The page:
1. From the research we determined that teams would explore how they might design the creation of ‘interactive’ processes that elicit positive behaviour change of covert and overt racist behaviours.
  2. From the research findings we determined that working to shift the “sleepy middle”(those who may exhibit “unconscious” or “indirect” racist ideas and behaviours) is a promising leverage point for systemic change.
  3. We committed to a triple-helix process approach to appropriately integrating indigenous knowledge with systems and design practice.


Shift Lab 1.0 began with a tension around scope. The intersection of racism and poverty is wickedly complex. Within the context of Edmonton, it manifests differently depending on culture, on neighbourhood, on what government happens to be in power, and a hundred other factors. A requirement of an action oriented social innovation lab is to start with a well informed and decently scoped challenge area. However, early community consultations told us that the focus couldn’t be developed by the Stewardship team alone – it had to come from community. When we began with Shift Lab 1.0 we recruited a diverse Core team, and their first task was to pick a focus area where racism and poverty intersected. This diverse cross section of Edmontonians decided to work on racism within housing. Some promising prototypes emerged and some are being piloted currently, however we also recognized we needed to go deeper into root causes of racism in Shift Lab 2.0.

When the Stewardship team began reflecting on what we had learned from 1.0, we returned to this problem of scope either getting too big or being too narrowly focused. This led to a big a-ha! moment for 2.0: we realized that we needed to drop the intersection with poverty and focus on racism.

To get more focused and discover where there was demand for work around racism, we initiated a research phase that lasted about eight months.

What did the discovery phase teach us?

In the discovery phase, we focused on three areas:

RacismIndigenous ways of knowingBehaviour change

We hired research experts in each domain area to gather insights and data to find critical leverage points that would help us design 2.0. Along the way, we actively looked for partnerships with organizations that were interested in making changes around racism, and ways to make deep and meaningful change with this work. From this discovery, we came up with potential guiding questions, which we shared with our mentors for advice and guidance.

While in discovery phase, we simultaneously ran an international speaker series to share expert insights and ideas around racism with Edmontonians. This series was open to community and attracted people working in this space and those curious around the city. The views of these expert authors on practises that were working outside of Canada helped us formulate our direction.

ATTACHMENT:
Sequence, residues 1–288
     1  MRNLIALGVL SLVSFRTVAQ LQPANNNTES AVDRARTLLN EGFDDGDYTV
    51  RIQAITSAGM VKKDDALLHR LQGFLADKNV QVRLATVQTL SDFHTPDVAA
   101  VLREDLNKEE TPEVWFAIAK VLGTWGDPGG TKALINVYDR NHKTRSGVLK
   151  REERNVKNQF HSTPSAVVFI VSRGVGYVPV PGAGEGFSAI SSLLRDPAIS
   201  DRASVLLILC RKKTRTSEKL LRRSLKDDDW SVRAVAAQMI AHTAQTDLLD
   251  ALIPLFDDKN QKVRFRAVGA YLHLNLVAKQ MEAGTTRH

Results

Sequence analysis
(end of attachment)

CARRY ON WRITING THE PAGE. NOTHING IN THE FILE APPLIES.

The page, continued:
Based on these three factors — what we learned from Shift Lab 1.0, what we learned during the discovery phase, and what we learned from the speaker series — we landed on our scope and direction for 2.0.


The guiding question for Shift Lab 2.0 is this:

How might we create better anti-racism interventions that acknowledge everyone’s humanity and create behaviour change?

This question helps guide the four prototype team challenge questions:

How might we reimagine what it means to be a treaty person?

How might we create an interactive empathy experience that strives to reduce racist behaviour over time?

How might we create encouraging pathways that help potential allies for racial justice overcome white fragility?

How might we design intervention(s) that de-escalate public displays of overt racist behaviour?


The main audience
we were trying to shift

The “sleepy middle” is an archetype that has emerged in the development of Shift Lab 2.0. Imagine a continuum: on one end, there are the tiki torch-carrying racists who care only for people who look like them. On the other, there are passionate anti-racist activists, seeking dignity and respect for all. The sleepy middle is somewhere between these two poles. They may think of themselves as good people who “don’t see colour.” They would be shocked by a racist joke but might also be unaware of how systemic racism is infused in everyday life. They have varying levels of understanding of what racism is, whether it still exists, and why it’s important to work to end it.The Edmonton Shift Lab is based in amiskwaciwâskahikan on Treaty 6 territory, traditional meeting grounds for the Cree, Saulteaux, Blackfoot, Dene, Nakota Sioux, Métis, and Inuit.



When you have a really tricky problem like racism, it requires thinking and doing in creative ways. The design and facilitation of a lab is what supports the learnings, prototypes and people to deeply think about and understand the problem. In Shift Lab 1.0, the process adopted Human Centered Design (HCD), Systems Thinking and Theory U. Along the way, we discovered that Indigenous methodologies have some startling similarities with design and systems thinking. We wondered what would it look like if with the right guidance we could put these three ways of thinking into conversation with one another? As a result, we intentionally brought together a triple helix process to all our workshops and research. The triple helix is a braid of treaty six Indigenous epistemologies, design thinking, and systems thinking.


Learn more the principles underlying Shift Lab 2.0

Read the Report

Learnings from Shift Lab 2.0